Filipino about to lose world’s shortest man title to Nepali
Filipino Junrey Balawing, standing at 59.93 centimeters (23.59 inches or almost 2 feet), is about to lose the distinction of being the world’s shortest man, but he is fading away with flourish.
In the next few weeks, he is flying to Italy to rub elbows—literally, if he can—with the world’s tallest man, who towers at 251.46 centimeters (8 feet 3 inches).
The son of a blacksmith in Sindangan, Zamboanga del Norte, the 18-year-old Balawing will have a photo session in Italy with Sultan Kosen, a behemoth farmer from Turkey. Kosen is said to be one of only 10 confirmed cases in history of humans reaching 243 centimeters (8 feet) or more.
“There is an invitation for the Balawings—Junrey and his parents—to go to Italy (in April). That’s what we are attending to right now,” Mayor Nilo Sy of Sindangan was quoted by ABS-CBN News as saying. It said it would be Balawing’s first ride on an airplane.
But Balawing’s claim to being the world’s shortest man has been challenged by Chandra Bahadur Dangi, a 72-year-old man from Nepal, who claims to stand at just 56 cm (22 inches).
No love for little man
Pilloried by neighbors, laughed at in freak shows and spurned by the women he admired from afar, Dangi has always seen his tiny stature as a curse.
But he is on the brink of life change as significant as a lottery win as experts prepare to test his claim to be the world’s shortest man in history.
Guinness World Records experts confirmed last week they planned to travel to Dangi’s village in the impoverished southwestern valleys of Dang district to measure the pensioner, who says he weighs just 12 kilos.
If his measurements prove correct, Dangi would eclipse Balawing but would also be the shortest human adult ever documented, taking the accolade from India’s Gul Mohammed, who was measured at 57 cm before he died in 1997 at the age of 40.
Hoping for fame
Dangi told Agence France-Presse that recognition at the end of his life would be some compensation for years of hardship he had had to endure.
“I think things will be better now. I hope that I will be famous all over the world,” Dangi said at a religious festival in Surunga, 280 kilometers southeast of Kathmandu.
“I want to visit foreign countries and meet people from around the world,” he added.
The pensioner, who was orphaned at 12 and has five normal-sized brothers, said he had never experienced romance and is yet to find his soulmate.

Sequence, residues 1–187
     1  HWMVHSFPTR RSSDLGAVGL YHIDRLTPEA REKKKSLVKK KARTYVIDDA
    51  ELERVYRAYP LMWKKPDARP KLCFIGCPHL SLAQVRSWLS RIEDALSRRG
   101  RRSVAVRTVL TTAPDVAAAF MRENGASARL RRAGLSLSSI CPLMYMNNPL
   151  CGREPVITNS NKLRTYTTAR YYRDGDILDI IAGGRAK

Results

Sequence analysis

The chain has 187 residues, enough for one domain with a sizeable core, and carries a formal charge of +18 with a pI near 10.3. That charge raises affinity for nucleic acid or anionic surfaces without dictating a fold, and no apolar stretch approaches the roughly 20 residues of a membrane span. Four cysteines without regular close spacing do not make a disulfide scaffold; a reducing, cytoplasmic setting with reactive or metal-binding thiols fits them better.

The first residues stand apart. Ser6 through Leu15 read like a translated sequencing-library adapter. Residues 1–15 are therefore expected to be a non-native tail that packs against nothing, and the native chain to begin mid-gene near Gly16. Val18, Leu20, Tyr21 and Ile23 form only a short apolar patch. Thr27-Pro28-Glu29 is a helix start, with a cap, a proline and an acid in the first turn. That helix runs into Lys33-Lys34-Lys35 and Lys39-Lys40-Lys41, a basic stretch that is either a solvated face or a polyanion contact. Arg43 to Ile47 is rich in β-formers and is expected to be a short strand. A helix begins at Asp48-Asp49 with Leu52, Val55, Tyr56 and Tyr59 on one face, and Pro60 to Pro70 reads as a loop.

“I was short since my childhood. So, I couldn’t find a woman to marry when I was young. Then I just gave up on the idea of marriage. At this old age, I’m not interested in marriage anymore,” Dangi said.
Treated as a toy
The cause of Dangi’s stunted growth remains a mystery although many holders of the “world’s shortest man” crown have suffered from primordial dwarfism, a condition which begins to show signs in the womb.
Dangi said relatives would parade him as a freak at fetes and festivals when he was younger, refusing to share with him any of the cash they earned.
“They would treat me as a toy,” he said.
He was brought to world attention last week after Nepali researchers looking into the history of the Dangi people were introduced to him.
Symbol of power, desire
“We walked for several hours and reached his home in Purandhara village. He was living with his 35-year-old nephew and his (nephew’s) family,” said Mohan Dangi, who led the expedition.
“We invited him to take part in our week-long religious ceremony. To us, it occurred that he could be the world’s shortest man,” he added.
Dangi scrapes a living weaving the “naamlo”, a traditional jute band used for carrying heavy weights.
At the religious festival, he was smeared in vermilion powder—which can symbolize power, love or desire in Hindu culture—as fans queued to greet him, offer him flowers and have their pictures taken with him.
Another Nepali, Khagendra Thapa Magar, held the record as the world’s shortest man for a year after being measured in 2010 at 67 cm.
Magar made television appearances in Europe and the United States and was the official face of Nepal’s tourism campaign, which featured him as the smallest man in a country that is home to the world’s highest peak, Mount Everest. Reports from AFP and Inquirer Research